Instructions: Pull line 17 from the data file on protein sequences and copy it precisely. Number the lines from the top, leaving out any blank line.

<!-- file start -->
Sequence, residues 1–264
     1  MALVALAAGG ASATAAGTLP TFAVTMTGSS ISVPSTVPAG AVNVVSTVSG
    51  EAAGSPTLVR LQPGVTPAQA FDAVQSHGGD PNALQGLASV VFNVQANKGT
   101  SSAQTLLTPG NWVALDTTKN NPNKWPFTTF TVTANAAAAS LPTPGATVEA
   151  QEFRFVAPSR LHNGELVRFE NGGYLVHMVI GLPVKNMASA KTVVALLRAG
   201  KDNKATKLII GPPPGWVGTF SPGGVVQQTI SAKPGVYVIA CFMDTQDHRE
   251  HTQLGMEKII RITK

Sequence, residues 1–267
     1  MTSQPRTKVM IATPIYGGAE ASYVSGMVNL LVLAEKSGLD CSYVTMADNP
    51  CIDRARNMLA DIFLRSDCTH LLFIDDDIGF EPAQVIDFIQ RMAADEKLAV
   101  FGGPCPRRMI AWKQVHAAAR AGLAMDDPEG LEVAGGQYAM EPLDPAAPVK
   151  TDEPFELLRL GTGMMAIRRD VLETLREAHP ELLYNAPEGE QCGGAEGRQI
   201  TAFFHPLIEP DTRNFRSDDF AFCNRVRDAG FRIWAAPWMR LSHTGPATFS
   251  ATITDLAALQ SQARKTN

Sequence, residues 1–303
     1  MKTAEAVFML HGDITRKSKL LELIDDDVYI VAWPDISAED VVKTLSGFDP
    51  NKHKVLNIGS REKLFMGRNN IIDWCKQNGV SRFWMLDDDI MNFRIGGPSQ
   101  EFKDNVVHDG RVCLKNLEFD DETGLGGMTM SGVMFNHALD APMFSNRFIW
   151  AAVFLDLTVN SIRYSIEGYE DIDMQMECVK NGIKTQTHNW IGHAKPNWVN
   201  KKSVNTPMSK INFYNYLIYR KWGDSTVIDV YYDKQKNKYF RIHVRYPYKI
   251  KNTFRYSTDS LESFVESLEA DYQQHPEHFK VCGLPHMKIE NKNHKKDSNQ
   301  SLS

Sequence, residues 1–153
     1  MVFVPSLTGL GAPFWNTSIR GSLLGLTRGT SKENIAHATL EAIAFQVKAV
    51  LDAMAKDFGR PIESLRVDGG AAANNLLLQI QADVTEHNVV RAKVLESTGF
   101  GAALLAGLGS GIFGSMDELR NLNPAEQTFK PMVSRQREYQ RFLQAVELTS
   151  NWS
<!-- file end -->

    51  NKHKVLNIGS REKLFMGRNN IIDWCKQNGV SRFWMLDDDI MNFRIGGPSQ